“I am a teacher working in an international school in Tanzania. I have been travelling to and fro from Tanzania since the age of 18, and it has, literally, become my second home. I secured my current teaching post in August 2012, and was introduced to a local charity called the MEHAYO Centre.

The town of Morogoro, surrounded by the Uluguru mountains and fields of crops, is the home of the MEHAYO Centre, a charity run by a wonderful lady fondly known as Mama Linda whose tireless efforts to provide a loving refuge to disabled children and young adults is awe-inspiring.

MEHAYO is a Tanzanian non-government organisation established with the aim of helping Mentally Handicapped Youth in Morogoro. It is a non-profit making organisation registered as a Trust Fund in October 1998.
Its goal is to improve the quality of life for disabled children and  young people, while at the same time creating better awareness of disability among and the local population.
The organisation has 2 centres and provides shelter for 41 disabled residents, ranging in age from 6 to 31 years. Some youngsters and children stay in the MEHAYO hostel permanently, but most of them live at home.
The staff at MEHAYO are enthusiastic and dedicated people, both local and International and most of them are volunteers. They contribute a lot of time, love and energy into the running of this special sanctuary.
It generates income by selling crops and home-made products. Other sources of finance are donations from friends and benefactors and occasional funding provided by international charity foundations.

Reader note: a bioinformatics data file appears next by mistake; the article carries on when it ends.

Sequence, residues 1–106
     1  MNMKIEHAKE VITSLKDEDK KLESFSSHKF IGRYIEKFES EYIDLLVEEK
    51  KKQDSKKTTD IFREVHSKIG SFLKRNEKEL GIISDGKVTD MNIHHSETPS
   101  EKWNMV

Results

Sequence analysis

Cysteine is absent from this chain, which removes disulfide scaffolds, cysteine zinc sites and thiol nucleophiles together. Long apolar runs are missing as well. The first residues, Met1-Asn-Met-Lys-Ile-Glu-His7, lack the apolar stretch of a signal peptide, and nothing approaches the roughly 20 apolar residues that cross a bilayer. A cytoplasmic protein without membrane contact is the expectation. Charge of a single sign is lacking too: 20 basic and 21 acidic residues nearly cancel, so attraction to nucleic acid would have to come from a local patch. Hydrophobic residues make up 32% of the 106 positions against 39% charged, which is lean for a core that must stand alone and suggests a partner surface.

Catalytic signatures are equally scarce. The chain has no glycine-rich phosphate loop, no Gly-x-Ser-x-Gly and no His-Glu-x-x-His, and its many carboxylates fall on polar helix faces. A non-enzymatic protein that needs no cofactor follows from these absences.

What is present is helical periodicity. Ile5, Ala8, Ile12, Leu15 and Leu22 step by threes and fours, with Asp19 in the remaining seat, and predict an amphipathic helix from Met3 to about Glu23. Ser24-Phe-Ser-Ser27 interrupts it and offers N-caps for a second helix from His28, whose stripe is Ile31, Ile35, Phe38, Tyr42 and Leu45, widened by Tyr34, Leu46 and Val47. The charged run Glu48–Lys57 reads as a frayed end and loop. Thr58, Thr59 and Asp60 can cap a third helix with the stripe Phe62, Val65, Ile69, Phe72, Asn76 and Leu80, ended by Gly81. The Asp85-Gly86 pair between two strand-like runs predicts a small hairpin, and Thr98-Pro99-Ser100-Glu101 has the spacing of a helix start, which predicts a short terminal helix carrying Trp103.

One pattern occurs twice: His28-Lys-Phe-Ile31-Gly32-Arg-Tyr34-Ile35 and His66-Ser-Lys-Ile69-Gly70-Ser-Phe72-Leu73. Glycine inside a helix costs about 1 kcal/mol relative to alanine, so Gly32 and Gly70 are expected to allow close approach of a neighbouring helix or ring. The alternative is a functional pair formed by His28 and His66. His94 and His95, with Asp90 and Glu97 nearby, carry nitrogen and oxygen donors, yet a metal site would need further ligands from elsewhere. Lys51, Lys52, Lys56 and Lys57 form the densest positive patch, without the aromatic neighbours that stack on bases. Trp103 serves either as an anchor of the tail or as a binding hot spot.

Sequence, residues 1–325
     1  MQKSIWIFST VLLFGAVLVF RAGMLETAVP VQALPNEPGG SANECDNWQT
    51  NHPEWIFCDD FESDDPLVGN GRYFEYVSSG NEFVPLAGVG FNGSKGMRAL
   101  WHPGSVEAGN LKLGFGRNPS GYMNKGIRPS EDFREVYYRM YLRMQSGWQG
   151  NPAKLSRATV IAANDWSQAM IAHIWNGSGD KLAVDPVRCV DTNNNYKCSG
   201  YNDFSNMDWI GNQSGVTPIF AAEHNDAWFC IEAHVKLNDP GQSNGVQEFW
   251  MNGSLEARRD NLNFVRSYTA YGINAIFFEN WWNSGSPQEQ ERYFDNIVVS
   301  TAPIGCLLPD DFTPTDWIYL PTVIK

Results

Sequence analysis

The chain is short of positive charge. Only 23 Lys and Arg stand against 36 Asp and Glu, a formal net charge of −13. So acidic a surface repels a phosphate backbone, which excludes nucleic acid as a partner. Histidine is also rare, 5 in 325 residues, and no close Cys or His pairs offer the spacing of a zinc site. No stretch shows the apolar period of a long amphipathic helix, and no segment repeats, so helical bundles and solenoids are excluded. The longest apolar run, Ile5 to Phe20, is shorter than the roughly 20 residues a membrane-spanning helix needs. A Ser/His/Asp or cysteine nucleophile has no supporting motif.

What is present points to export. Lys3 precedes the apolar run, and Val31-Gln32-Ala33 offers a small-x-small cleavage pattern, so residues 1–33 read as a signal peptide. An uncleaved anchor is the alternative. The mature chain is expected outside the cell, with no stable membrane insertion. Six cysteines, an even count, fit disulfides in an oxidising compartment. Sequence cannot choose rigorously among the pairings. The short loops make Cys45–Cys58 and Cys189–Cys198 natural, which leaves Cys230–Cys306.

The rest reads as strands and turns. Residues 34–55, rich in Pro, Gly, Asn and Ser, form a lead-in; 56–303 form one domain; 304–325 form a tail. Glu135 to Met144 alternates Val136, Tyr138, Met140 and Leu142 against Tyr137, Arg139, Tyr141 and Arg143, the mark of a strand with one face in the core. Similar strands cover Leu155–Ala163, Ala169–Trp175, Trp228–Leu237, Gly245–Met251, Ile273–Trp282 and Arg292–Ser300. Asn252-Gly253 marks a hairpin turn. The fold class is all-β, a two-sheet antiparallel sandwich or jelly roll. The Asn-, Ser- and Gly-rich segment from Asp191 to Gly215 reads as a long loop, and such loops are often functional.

Mama Linda Ngido, a teacher by profession and founder of the Mehayo centre, teaches at the centre, along with her team of volunteers. Daily activities include cooking, small scale farming, baking, wood working, card making, and drama.
On every visit, I am overwhelmed by the children – they are never without a smile and a welcoming hug!
The children\'s disabilities vary greatly. Most have been affected by malnutrition. Malaria, especially cerebral malaria, is another factor in the lives of the children at MEHAYO. The majority of the children and young people have great difficulty in communicating their needs which can often lead to frustration.
One day, Mama Linda asked me whether I would like to see their classroom. Being a teacher, of course I was thrilled that the children had the opportunity to learn and followed Mama Linda into a simple room decorated with children\'s drawings and crafts. As we left, I noticed some PECS symbols on the wall outside the classroom. Mama Linda explained that she had been given them by a charity based in Ireland, but was unsure of how to use them. This was the beginning of an interesting dialogue between myself, Mama Linda and my school, Morogoro International School.